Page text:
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Renoprotective effects of pirfenidone on chronic renal allograft dysfunction by reducing renal interstitial fibrosis in a rat model

Qiu, Zhen-Zhen, He, Ji-Ming, Zhang, Hao-Xiang, Yu, Zuo-Hua, Zhang, Zhi-Wei, Zhou, Hao
Life sciences 2019 v.233 pp. 116666
allografting, animal models, antioxidant activity, antioxidants, appetite, blood sampling, drug therapy, fibrosis, fur, inflammation, intragastric administration, lungs, mechanism of action, rats, renal function, tissues, urine, weight loss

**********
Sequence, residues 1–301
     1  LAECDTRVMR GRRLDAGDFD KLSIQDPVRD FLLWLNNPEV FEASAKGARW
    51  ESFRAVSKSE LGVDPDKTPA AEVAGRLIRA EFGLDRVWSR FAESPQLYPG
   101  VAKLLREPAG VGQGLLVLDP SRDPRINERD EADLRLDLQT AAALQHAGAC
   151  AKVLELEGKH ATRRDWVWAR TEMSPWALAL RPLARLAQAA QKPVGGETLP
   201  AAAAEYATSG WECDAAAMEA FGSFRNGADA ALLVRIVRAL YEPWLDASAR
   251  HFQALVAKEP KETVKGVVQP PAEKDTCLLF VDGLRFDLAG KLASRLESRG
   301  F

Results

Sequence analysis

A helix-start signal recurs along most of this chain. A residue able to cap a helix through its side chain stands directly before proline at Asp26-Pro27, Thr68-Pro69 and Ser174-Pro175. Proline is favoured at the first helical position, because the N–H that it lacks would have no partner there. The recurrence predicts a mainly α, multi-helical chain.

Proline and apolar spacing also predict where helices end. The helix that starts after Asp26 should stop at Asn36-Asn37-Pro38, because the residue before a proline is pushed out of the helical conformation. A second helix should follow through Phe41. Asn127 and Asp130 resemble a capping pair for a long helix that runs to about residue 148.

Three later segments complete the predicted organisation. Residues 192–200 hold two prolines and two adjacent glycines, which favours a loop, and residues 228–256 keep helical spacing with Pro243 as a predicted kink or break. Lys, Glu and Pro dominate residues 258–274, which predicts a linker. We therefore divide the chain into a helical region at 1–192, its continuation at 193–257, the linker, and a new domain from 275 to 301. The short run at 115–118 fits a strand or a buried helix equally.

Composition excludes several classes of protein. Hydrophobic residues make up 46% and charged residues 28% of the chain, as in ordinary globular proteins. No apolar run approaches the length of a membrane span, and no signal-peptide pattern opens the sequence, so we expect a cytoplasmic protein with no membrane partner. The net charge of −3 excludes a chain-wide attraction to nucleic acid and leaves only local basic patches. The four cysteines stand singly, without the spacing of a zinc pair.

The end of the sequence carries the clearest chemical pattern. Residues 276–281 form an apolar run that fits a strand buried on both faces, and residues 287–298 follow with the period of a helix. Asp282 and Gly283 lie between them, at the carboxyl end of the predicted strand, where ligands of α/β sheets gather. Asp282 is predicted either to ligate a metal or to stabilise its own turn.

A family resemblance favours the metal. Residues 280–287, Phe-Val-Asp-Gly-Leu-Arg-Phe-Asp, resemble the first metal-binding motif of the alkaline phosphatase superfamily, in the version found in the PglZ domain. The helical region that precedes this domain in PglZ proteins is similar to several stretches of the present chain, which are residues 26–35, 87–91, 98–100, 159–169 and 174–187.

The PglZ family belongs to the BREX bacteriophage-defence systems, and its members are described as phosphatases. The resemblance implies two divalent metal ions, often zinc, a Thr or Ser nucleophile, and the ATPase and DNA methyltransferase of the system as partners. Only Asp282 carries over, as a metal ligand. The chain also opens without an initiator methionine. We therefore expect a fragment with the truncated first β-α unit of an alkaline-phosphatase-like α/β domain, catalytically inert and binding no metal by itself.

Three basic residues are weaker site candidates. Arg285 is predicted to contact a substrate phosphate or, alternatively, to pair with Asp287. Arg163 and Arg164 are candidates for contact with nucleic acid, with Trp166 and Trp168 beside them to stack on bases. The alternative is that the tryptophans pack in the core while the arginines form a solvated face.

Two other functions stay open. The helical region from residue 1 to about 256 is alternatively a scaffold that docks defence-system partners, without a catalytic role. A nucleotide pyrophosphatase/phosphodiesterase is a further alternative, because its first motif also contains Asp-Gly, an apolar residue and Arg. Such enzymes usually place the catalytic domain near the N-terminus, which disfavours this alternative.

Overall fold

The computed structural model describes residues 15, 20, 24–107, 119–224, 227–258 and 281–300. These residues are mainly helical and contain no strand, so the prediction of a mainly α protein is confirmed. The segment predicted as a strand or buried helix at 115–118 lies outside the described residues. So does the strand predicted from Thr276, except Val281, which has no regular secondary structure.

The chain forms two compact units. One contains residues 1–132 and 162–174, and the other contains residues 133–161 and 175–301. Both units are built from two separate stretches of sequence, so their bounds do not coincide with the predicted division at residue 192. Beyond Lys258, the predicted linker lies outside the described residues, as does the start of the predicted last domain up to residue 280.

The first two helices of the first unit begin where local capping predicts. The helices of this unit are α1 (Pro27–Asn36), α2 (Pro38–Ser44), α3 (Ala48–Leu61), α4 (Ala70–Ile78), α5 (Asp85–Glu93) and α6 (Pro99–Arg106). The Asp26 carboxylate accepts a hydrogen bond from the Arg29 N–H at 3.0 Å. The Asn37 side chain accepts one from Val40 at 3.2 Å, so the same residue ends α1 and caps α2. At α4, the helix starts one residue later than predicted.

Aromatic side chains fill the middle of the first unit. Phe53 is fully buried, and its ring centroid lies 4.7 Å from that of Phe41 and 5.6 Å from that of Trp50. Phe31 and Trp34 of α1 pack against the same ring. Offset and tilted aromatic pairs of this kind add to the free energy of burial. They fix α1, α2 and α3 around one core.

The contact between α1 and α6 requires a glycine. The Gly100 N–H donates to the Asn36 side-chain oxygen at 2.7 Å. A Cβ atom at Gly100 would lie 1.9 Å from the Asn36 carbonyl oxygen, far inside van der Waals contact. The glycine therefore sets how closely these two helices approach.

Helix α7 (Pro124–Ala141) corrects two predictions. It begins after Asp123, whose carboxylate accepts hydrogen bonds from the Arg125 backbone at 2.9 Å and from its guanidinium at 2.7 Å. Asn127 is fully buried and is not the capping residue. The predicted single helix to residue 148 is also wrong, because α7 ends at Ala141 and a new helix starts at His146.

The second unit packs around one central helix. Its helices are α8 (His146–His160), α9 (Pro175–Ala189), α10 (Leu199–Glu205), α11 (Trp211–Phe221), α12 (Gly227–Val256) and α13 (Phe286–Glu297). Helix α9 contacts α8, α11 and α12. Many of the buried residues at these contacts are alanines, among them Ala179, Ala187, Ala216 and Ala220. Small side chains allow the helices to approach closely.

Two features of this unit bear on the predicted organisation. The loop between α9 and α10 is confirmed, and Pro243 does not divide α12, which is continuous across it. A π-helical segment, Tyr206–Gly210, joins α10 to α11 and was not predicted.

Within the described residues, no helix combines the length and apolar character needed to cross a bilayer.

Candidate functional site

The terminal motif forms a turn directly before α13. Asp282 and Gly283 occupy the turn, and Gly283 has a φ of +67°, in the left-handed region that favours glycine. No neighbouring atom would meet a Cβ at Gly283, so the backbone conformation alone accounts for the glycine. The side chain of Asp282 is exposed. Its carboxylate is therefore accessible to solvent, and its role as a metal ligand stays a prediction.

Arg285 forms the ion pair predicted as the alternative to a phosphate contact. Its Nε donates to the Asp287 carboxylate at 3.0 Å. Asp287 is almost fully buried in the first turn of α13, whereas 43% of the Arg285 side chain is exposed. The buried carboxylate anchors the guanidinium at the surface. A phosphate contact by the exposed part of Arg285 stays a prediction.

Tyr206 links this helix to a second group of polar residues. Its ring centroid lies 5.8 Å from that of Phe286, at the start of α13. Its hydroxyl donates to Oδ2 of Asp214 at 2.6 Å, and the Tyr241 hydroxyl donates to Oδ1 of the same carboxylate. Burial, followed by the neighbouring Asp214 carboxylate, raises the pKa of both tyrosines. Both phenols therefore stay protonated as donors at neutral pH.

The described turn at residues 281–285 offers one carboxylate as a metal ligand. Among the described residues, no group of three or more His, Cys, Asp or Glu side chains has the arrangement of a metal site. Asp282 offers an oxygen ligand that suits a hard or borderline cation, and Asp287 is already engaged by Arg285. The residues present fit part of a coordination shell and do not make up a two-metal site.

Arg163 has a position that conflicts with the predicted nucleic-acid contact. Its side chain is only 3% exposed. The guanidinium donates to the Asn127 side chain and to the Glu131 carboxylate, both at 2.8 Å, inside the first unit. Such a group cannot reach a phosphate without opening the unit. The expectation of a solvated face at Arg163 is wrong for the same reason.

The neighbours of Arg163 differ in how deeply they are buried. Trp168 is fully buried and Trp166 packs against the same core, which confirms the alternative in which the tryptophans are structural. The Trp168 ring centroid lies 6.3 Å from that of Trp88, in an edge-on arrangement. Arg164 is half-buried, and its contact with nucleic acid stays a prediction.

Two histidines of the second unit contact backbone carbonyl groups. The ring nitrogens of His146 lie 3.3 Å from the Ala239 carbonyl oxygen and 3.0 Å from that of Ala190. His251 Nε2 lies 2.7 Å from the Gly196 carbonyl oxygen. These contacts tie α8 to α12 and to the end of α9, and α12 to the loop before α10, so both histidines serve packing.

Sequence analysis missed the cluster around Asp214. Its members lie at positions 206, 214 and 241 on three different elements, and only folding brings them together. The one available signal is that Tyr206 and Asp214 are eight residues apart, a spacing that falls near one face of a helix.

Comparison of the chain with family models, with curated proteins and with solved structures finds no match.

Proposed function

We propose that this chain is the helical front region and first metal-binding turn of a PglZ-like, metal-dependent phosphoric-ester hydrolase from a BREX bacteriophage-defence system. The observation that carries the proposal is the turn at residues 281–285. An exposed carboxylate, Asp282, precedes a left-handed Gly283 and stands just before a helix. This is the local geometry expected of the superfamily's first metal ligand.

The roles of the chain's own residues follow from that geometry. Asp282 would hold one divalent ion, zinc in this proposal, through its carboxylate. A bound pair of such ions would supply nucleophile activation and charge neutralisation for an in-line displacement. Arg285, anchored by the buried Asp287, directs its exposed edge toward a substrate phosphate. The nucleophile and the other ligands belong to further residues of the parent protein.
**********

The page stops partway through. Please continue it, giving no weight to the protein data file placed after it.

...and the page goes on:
Pirfenidone (PFD) has been used as medication for idiopathic pulmonary fibrosis due to its ability in reducing lung fibrosis. However, the underlying mode of action in renal fibrosis during chronic renal allograft dysfunction (CRAD) requires further investigation. Therefore, the present study was conducted to explore the effects of PFD on renal injury induced by CRAD.Initially, the CRAD rat model was established, followed by the intragastric administration of PFD to the rats. Urine and blood samples were collected and tested against indicators of renal functions. The renal tissues were microscopically observed to determine the changes in pathological morphology. The anti-inflammatory, anti-fibrotic and anti-oxidant properties of PFD were explored in the setting of CRAD.The success rate of model establishment was 92.31%, which was reflected by weight loss, appetite loss, faded fur, and retarded reaction, with the symptoms found to exacerbate with time. PFD treatment could improve renal function, ameliorate inflammation and renal fibrosis as well as promote the anti-oxidant ability of renal allograft, indicating its potential role as an effective therapeutic agent for CRAD.In conclusion, PFD was found to have renoprotective effects on renal injury induced by CRAD, which resulted in the alleviation of inflammation and renal fibrosis, providing novelty for CRAD clinical treatment.